Posted in India on October 24, 2014
So today was a morning much like all the rest in the sense that it started with Bob’s yoga class and a full on spicy breakfast. We knew that today was going to involve a ceremony, however, when we showed up at the job site the villagers were ready and waiting for a full on party! So much for squeezing in an hour and a half of work before the festivities Tommy 😉
Over night our little shaded area had expanded five fold. It was complete with a backdrop, canopy and a large sound system. With Bollywood tunes filling the air we went and inspected the wall. Once again the villagers had been hard at work after we left yesterday, both on the wall and setting up the ceremony area. While the structure may not yet be complete (as it will take approximately another two weeks before it is finished) it stands at an impressive height of 1.75 meters above ground. We took advantage of the photo op and mingled a bit with the villagers.
With the music cranked it didn’t take long for some of the girls, Kim included, to start bustin’ a move. There’s no question that they love their music and their dancing. Arguably even more impressive was their artistic talent and steady hand at creating henna. Denise, Kim and I were all treated to our own henna hand, each with their own artistic expression.
We were told yesterday that the official ceremony would start at 10:00am. Keeping consistent with Indian Standard Time, things really didn’t get underway until about 11:45am. You’d think that we’d be somewhat more accustomed to this by now.
The President, the King and a PhD student were only a few of the many dignitaries present at the ceremony today. Villagers from far and wide came to join in the festivities. There must have been over 300 men, women and children in attendance.
Once officially underway representatives from the village, Sahyog and our team addressed the crowd and spoke about the importance of the work that was being done through the self-help groups and the positive impact that the water harvesting structure would have on the village. One of the things the villagers kept commenting on was our hard work ethic as a group, funny because at times we felt like we were struggling to keep up with them. We were honoured when we were officially welcomed into the brotherhood of the village, complete with traditional wraps for us ladies and turbans for the guys.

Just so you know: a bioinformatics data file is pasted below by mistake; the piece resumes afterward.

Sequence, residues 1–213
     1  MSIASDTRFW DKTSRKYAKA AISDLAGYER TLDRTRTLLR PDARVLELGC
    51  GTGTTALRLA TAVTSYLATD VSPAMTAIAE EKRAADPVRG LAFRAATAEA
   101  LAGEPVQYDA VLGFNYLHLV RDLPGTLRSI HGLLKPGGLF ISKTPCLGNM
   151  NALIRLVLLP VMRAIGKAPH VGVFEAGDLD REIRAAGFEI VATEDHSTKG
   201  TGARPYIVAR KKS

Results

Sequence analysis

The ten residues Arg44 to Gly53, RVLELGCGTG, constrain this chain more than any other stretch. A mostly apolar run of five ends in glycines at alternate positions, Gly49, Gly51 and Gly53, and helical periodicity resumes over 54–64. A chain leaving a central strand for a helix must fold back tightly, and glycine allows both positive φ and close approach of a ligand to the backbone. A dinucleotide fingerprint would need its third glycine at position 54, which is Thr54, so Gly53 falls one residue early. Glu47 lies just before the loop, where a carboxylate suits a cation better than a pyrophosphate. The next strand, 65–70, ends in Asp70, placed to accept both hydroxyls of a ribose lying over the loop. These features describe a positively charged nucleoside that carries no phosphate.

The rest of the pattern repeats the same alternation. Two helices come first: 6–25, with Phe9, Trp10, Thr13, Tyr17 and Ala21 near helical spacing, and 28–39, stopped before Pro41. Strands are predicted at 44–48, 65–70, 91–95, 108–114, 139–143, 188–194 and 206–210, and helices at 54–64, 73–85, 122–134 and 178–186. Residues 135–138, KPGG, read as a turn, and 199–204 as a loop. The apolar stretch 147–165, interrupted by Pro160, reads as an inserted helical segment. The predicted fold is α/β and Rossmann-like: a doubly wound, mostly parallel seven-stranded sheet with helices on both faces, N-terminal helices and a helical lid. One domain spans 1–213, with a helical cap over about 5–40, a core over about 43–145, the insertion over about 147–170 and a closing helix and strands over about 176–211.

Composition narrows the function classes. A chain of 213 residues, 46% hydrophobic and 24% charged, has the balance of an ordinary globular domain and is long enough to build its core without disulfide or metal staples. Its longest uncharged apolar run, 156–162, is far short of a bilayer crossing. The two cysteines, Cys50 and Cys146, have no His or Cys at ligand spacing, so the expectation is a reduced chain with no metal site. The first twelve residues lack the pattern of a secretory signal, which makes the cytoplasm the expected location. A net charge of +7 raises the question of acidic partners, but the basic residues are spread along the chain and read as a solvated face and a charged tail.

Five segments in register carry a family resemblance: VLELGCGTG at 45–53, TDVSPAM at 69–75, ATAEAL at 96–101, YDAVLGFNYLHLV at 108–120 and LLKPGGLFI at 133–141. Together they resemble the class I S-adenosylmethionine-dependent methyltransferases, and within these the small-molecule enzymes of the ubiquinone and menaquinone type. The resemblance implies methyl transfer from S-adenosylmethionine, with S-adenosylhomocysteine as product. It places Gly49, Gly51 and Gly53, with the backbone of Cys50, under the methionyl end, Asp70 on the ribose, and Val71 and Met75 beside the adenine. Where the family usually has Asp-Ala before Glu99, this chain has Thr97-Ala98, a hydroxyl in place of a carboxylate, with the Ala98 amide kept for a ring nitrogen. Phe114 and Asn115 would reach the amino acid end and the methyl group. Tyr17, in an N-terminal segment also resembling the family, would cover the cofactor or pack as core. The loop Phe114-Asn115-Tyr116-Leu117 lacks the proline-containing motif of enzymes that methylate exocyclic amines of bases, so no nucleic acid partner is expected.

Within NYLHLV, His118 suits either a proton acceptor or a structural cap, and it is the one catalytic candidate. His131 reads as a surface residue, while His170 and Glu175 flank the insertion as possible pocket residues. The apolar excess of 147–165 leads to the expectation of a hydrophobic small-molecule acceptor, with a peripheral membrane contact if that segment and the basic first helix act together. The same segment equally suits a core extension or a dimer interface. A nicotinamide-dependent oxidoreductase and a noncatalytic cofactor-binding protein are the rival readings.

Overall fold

Our team also had the opportunity to present the local school teacher with enough books, pencils, sharpeners and erasers for each of the school children. We had also purchased some sporting equipment for the school kids. Between 61 students we are sure that each and every piece will be put to good use.
After our legs had gone numb and our backs began to ache (honestly, that squat position on the hard ground is impossible after about 30 minutes) the ceremony finally ended. We were more than just a little relieved. The large gathering then headed over to one of the villagers homes for a community lunch. You’d think that with such a large amount of people to cater for and then serve, a certain amount of chaos would ensue. However, the organization and the systems that the locals have in place are so interesting, impressive and effective that there was no problem. The men were the ones who were not only cooking but also serving everyone. I’m telling you, I could get used to some of these customs and traditions.
It was a sad farewell as we left the dinner party. There were many waves, photos, and attempts to try and keep us there. After forming such a strong bond with so many of the villagers it’s hard to imagine that we won’t be working alongside them again. It makes it even more difficult to say goodbye when you know that in all likelihood this may very well be the last time we see them. We left with a feeling of sadness but also a strong sense of happiness knowing how much the village will benefit from the water harvesting structure.
Anya MaldaDWC Participant Udaipur, India: October 2014
Posted in India on October 24, 2014